City faces ‘backlog of repairs’ for street lights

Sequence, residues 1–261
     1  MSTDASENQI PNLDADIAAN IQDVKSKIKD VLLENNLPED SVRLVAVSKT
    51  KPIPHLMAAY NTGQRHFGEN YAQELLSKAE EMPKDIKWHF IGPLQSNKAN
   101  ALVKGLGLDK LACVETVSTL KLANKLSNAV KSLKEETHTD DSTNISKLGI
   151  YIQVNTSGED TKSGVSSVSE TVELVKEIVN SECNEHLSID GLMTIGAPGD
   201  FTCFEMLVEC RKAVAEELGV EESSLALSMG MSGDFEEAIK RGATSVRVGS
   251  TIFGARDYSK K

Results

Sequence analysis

The days are short, the nights are long, and a patch of John Bolstad’s neighbourhood is darker than it should be.Bolstad likes to walk his dog in front of Jack Mackenzie School in Windsor Park, where two consecutive street lights have been out of service for well over a month. He said he always uses “extra caution” when he crosses there — but he can’t say the same for the neighbourhood children. “There are lots of kids playing at night, and we’re in the darkest time of the year. I view it as a real safety concern.”The lights emanating from the school parking lot provide some relief. But Bolstad is even more worried about conditions along the city’s major thoroughfares. A mid-december drive around Ring Road reveals dozens of street-light outages, with significant dead spots around the Mcdonald Street and Victoria Avenue interchanges.“That’s where you need them the most, where you’re exiting and entering onto the Ring Road.”The city’s director of transportation and roadways, Norman Kyle, said his department is currently dealing with a “backlog of repairs,” as lights along high-traffic areas fall victim to aging infrastructure and faulty underground cables.He said the city prioritizes repairs based on traffic volumes and the extent of the outage.“Right now we’re working on the area around Ring Road and Victoria Avenue, because it’s one of the highest traffic volume areas of the city,” he said just before the Christmas holidays.By the end of December, the city had fixed two tall mast lights and a row of about a dozen smaller lights along the west side of the Ring Road. But that still left a similar row out along the east side, just north of Victoria Avenue.Once Victoria Avenue is complete, crews will move on to other problem areas along Lewvan Drive, Arcola Avenue and at the Mcdonald Street interchange. The Victoria Avenue interchange should be finished sometime early in the new year, according to Kyle. Work on the rest will be “continuous,” but with no fixed timeline.“With some of the extent of the repairs right now, it’s tough for us to put a timeline on when we will get to all of them,” Kyle said.The city is responsible for maintaining street lights along expressways — including most of the Ring Road — while Saskpower is tasked with repairs along less heavily travelled corridors and in residential areas. That includes the stretch in Bolstad’s neighbourhood.Saskpower spokesman Joel Cherry said crews try to respond to reported outages within seven days — but that’s “not always possible.”He said crews have repaired 4,427 lights in 2018. They use a computer-generated itinerary to map out the most efficient repair route. That means the first light reported might not be the first one fixed.They usually set aside two days each week to focus on “complex” outages, but the winter weather can slow down that work.According to Cherry, a row of dead lights is a likely sign that an underground cable has failed. That’s more time consuming to fix than a burnt-out bulb.“It’s because there’s something going on underground,” he said.Kyle suspects similar issues are plaguing the Victoria Avenue-ring Road interchange, which he said has likely suffered from damaged cables and shorts in the lines.The Mcdonald Street interchange is struggling with aging infrastructure, according to Kyle. He said the lights there have failed numerous times during his tenure as director.Kyle said he can’t assess the impact of the outages on visibility without doing further analysis. He urged motorists to “adjust their driving to road conditions.”Asked why the city-maintained areas seem to have a higher proportion of out-of-service power lights than Saskpower’s, Kyle pointed to potential disparities in workload and type of infrastructure.“They’re dealing with different kinds of lights, different conditions, I would suggest probably different problems,” he said.The city and Saskpower are shifting to new bulbs they hope will ease the burden on their crews. Both are now opting for LEDS, which last as long as 20 years — far longer than a conventional bulb.“We’ll spend a lot less time chasing burnt-out bulbs,” said Cherry.Regina city council voted last month to push the Ministry of Highways for more money to fund lighting improvements on the Trans-canada Bypass near Wascana Parkway. They heard from a mother whose teenage daughter was killed there in 2015.But Bolstad said it’s no good installing new lights if the city can’t keep up with maintaining the ones it already has. He said both authorities should be throwing everything they have at the problem.“If this is a problem throughout the whole city, I think it needs to be addressed with contractors or whatever being hired to maintain this — whatever the cost,” he said.“Solely because of safety of all our children.”
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